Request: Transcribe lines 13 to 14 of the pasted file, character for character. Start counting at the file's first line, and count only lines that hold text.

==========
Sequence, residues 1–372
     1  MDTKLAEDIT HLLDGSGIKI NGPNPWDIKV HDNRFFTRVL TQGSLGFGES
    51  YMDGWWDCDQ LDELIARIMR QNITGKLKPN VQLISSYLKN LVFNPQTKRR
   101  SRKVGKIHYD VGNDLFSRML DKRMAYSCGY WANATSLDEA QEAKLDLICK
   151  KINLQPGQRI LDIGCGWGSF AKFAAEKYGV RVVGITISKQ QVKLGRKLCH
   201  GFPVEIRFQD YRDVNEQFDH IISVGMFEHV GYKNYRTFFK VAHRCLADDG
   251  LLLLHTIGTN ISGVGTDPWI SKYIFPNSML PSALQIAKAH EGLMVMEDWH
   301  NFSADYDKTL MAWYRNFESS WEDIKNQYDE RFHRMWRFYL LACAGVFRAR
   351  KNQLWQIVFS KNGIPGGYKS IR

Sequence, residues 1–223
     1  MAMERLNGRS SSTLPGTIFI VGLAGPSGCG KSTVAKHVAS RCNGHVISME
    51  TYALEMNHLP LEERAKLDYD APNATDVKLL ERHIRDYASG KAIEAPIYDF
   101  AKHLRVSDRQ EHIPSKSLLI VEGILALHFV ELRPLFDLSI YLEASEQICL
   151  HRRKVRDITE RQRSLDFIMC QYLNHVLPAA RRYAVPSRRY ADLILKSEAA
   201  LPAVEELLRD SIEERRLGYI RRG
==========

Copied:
   101  AKHLRVSDRQ EHIPSKSLLI VEGILALHFV ELRPLFDLSI YLEASEQICL
   151  HRRKVRDITE RQRSLDFIMC QYLNHVLPAA RRYAVPSRRY ADLILKSEAA